Vídeo: así se ve cuando un camión se enhebra de forma autónoma

Video: this is what it looks like when a truck is threaded autonomously

According to the institute’s announcement, it is above all complex traffic situations during the onboarding and overtaking processes that require a high level of attention from the driver. In this context, lack of concentration easily leads to accidents, automated assistance while driving counteracts this. On a test track in Sweden, the Fraunhofer Institute has now demonstrated, together with partners such as truck manufacturer Scania, what it looks like when a truck changes lanes independently and does not ignore traffic.


Autonomous threading is a very complex process

The step that has been taken now is important for the autonomous driving of the future. Because vehicles are already taking individual steps while driving alone. For example, when parking, but also when accelerating and braking independently in traffic jams or moving traffic. Now, for the first time, it has been possible to demonstrate the process of threading a truck between two cars that circulate alongside it, in a fully automated way. This should be emphasized because many systems and sensors must work together to successfully complete the threading process.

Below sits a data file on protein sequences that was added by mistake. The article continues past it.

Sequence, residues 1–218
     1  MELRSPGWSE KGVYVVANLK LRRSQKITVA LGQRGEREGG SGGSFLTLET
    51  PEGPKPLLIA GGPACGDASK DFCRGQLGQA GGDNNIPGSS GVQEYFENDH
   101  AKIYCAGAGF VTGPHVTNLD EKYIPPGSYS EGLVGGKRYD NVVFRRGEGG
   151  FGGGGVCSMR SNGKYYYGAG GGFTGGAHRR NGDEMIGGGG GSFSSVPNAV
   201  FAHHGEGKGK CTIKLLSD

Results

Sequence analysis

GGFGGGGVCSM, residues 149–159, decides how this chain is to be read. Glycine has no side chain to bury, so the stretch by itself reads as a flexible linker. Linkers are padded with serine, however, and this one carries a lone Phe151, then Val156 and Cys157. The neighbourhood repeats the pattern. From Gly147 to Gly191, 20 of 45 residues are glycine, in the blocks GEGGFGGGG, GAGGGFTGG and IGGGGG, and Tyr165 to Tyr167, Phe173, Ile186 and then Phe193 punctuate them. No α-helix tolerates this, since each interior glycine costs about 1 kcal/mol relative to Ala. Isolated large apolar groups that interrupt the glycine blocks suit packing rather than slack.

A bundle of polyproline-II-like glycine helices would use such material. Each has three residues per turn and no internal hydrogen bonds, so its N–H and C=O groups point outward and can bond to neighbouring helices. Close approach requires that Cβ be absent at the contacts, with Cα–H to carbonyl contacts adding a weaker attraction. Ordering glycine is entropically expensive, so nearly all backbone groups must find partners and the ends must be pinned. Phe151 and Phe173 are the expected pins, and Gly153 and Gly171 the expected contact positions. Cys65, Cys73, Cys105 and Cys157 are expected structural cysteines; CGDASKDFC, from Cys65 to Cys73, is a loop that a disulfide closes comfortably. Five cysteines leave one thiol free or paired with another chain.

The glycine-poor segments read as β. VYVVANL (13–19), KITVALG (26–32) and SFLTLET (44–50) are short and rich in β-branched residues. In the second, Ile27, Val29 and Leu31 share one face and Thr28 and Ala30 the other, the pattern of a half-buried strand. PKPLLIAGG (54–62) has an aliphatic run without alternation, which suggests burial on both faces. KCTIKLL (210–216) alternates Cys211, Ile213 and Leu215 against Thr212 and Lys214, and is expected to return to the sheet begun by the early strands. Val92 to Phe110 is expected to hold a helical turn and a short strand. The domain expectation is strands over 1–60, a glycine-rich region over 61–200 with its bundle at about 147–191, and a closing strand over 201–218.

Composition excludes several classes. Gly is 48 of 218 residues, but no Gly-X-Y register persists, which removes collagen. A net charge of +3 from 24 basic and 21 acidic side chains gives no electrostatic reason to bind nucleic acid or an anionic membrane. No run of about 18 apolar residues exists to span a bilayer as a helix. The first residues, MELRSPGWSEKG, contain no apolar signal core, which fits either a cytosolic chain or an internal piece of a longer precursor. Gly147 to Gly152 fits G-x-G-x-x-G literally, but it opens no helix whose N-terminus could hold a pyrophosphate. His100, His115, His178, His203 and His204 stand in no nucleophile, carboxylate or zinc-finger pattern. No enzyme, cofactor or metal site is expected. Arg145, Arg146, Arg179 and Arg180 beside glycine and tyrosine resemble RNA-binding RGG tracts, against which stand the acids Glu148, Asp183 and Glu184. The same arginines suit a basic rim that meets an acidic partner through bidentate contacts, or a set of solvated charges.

As part of the test that has already been completed, not only radars and cameras were used in the vehicle, but also satellite signals and other navigation solutions. Complemented with reference stations along the route, participating companies also rely on a combined GNSS / sensor (GNSS: Global Navigation Satellite System) solution with position sensing down to the decimeter range.

“It’s about ensuring a precise threading process and avoiding accidents. This is only possible with a highly accurate and reliable position. “Matthias Overbeck, Fraunhofer IIS

According to the Fraunhofer Institute, the system that has now been demonstrated should also work under bridges and tunnels. Because for short periods of time it is possible to bridge signal interruptions so that driver intervention is superfluous under certain conditions.